2. The literal word "Bankruptcy" can be found on AMDIS as well as a U freeze for bankruptcies filed before October 22, 1994 or an X freeze for bankruptcies filed on or after October 22, 1994. The literal word "Bankrupt" will be shown on the top line of TSUMYI, "BRPT/RPI=B" will be shown in the investor name area of TSUMYP.

  3. Notification may also be received from other IRS offices or it may be received in correspondence from the taxpayer.

  4. Each time a technician works a case, they should review the case for any indication of bankruptcy.

  5. Once a bankruptcy has been identified, it must be referred to the Bankruptcy Coordinator for determination of needed actions.  (03-04-2008)
Identification of Bankruptcies Filed Prior to October 22,1994

  1. For bankruptcy petitions filed prior to October 22, 1994, the Service may not make assessments on pre-petition tax years during the Automatic Stay provided by the U.S. Bankruptcy Code. This Stay remains in effect from the time the taxpayer files a bankruptcy petition until a Notice of discharge is either granted or denied, the case is dismissed, or until a Chapter 11 Plan of Reorganization is confirmed by the Bankruptcy Court.

  2. IRC 6503(h) suspends the statute of limitations while the Service is prohibited from making any assessments during the Automatic Stay and for 60 days after. For this reason, proposed assessments (whether agreed or unagreed) in all bankruptcy cases commenced before October 22, 1994, required suspense until the automatic stay was lifted. Although some cases governed by the pre-1994 law are still in bankruptcy suspense, any new cases would be worked under the new rules that follow.  (03-04-2008)
The Bankruptcy Reform Act of 1994

  1. (1) The Bankruptcy Reform Act of 1994 created an exception to the automatic stay, specifically permitting the assessment of pre-petition taxes when a bankruptcy petition was filed on or after October 22, 1994. For these bankruptcy cases, the statute of limitation on assessment continues to run since the Service is no longer prohibited from making the assessment. In order to protect the assessment statute the Service must make an assessment within the normal statute period, send out a statutory notice of deficiency, or get protection in the form of a waiver.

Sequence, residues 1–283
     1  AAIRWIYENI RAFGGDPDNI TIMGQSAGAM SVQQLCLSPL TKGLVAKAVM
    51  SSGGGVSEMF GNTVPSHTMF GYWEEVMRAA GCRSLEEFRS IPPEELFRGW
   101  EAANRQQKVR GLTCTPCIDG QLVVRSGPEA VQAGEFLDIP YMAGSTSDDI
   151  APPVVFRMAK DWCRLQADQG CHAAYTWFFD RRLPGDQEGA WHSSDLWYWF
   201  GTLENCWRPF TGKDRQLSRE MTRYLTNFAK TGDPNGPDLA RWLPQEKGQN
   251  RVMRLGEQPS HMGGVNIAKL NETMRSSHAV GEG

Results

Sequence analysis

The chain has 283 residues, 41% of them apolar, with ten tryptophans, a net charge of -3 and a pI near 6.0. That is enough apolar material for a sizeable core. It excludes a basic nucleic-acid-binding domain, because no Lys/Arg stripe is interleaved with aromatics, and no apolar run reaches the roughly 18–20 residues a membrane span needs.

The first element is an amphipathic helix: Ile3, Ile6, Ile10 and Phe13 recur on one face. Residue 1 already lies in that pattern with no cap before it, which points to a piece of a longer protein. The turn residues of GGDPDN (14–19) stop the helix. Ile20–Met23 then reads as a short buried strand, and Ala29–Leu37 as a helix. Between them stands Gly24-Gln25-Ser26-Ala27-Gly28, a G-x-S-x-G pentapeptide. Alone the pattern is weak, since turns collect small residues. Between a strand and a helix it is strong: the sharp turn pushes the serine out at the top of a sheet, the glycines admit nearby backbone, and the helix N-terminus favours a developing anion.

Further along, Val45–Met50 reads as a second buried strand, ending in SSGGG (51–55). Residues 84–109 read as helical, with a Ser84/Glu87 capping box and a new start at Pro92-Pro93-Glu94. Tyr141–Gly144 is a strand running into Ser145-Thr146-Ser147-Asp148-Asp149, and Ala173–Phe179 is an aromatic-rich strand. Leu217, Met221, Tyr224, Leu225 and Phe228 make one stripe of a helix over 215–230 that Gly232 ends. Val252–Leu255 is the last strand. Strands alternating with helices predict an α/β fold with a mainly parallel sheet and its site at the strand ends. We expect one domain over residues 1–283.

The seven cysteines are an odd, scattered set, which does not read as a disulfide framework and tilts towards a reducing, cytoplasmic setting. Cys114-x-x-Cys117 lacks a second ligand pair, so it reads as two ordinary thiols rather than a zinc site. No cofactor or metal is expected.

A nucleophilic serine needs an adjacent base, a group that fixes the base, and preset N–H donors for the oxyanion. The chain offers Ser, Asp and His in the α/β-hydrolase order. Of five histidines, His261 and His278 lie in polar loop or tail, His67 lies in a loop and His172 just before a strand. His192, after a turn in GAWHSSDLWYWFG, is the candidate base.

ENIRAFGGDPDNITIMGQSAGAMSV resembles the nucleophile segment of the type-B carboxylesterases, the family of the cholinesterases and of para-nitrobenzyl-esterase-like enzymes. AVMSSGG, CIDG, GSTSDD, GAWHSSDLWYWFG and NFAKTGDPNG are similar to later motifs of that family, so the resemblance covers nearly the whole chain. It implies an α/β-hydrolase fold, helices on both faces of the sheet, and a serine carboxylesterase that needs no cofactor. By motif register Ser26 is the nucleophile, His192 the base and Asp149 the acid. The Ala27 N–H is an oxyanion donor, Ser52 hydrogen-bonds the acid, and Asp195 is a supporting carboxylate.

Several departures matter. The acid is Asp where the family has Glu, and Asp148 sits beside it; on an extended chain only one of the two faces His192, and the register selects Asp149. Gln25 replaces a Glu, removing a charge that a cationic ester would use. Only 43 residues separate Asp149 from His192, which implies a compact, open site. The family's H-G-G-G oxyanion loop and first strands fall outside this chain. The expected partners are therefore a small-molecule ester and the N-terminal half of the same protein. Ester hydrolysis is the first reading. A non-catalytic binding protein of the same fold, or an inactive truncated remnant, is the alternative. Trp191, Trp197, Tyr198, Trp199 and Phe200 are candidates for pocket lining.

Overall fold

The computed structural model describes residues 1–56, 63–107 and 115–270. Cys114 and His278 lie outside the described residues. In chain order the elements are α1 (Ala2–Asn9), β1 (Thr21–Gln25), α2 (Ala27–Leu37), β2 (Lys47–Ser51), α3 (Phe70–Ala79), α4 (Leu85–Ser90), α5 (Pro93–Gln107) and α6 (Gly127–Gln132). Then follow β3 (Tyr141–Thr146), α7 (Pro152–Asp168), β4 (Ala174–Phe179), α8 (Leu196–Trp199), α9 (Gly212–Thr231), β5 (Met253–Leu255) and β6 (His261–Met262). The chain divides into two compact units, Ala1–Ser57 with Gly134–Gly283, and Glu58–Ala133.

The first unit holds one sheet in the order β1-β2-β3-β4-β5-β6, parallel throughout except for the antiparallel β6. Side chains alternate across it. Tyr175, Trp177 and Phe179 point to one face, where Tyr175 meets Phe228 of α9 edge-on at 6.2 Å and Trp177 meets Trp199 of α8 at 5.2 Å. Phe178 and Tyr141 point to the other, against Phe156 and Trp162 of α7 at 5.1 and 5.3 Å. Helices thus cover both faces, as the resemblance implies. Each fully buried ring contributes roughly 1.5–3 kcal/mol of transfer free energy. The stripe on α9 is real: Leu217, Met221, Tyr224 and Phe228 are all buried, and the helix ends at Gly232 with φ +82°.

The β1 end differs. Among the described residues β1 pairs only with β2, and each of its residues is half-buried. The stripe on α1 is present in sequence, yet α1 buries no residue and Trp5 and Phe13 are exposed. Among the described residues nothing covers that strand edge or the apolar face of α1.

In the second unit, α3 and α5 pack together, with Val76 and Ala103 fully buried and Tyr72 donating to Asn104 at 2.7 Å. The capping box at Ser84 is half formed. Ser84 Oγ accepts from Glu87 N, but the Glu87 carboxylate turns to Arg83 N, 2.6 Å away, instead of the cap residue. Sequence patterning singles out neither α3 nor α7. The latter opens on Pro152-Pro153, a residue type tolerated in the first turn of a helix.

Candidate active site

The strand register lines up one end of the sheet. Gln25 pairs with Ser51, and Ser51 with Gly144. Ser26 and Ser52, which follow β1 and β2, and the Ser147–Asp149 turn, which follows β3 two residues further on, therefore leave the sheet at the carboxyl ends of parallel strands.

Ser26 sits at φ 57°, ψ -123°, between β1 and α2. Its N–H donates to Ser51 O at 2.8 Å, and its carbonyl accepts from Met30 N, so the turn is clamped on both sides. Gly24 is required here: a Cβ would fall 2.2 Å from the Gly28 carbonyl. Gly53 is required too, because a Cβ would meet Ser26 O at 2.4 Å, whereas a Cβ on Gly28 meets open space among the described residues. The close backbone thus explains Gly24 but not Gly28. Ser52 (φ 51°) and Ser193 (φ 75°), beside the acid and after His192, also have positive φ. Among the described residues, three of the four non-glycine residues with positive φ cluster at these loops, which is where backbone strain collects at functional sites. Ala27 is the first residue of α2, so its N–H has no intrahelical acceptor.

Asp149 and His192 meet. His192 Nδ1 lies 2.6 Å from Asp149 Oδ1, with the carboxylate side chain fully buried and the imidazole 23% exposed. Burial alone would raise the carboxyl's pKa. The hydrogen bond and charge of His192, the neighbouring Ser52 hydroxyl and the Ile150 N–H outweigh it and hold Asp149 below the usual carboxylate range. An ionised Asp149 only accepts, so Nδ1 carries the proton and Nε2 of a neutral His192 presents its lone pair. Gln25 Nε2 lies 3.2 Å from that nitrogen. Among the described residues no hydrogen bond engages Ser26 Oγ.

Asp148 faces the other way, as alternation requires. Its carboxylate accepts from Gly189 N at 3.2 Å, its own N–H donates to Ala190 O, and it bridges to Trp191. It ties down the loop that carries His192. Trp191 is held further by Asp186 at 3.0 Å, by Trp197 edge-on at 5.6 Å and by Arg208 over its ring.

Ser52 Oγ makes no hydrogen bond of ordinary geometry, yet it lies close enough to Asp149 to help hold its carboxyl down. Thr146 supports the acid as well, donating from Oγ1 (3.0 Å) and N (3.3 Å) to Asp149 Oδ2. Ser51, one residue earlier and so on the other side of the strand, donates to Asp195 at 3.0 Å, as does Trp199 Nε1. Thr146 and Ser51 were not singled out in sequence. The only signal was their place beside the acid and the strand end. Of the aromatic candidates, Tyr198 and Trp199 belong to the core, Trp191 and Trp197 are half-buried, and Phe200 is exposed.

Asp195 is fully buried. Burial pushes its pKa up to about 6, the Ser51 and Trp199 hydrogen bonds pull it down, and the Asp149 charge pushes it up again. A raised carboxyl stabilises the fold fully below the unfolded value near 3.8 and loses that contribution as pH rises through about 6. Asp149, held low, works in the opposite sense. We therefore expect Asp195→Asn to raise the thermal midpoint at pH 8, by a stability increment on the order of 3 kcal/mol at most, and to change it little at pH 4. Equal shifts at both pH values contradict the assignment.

The bankruptcy stay also prevents the commencement or continuation of a Tax Court case with regard to the debtor. See definition of automatic stay. See IRM For this reason, the mailing of a notice of deficiency to a taxpayer in bankruptcy suspends the statute of limitations on assessment until the bankruptcy case has been resolved.  (03-04-2008)
Bankruptcy Abuse and Consumer Protection Act of 2005 (BAPCPA)

  1. Under BAPCPA, the bankruptcy stay that prohibits the commencement or continuation of a Tax Court case with regard to a debtor only applies to an individual debtor’s prepetition taxes in a case filed on or after October 17, 2005. The indirect suspension of the statute of limitations that occurs as a result of the stay against Tax Court proceedings will therefore not occur with regard to individuals in cases after October 17, 2005. The stay against Tax Court cases continues to apply to both prepetition and postpetition corporate liabilities, so long as it is a liability the bankruptcy court can determine.  (03-04-2008)
Research TEFRA Bankruptcy Case

  1. There are a variety of tools available to use in researching bankrupt taxpayers. These tools are valuable in conducting research necessary to determine how to process the bankrupt taxpayer's return. The systems researched will provide dates, codes and contacts that will be vital in timely processing the case.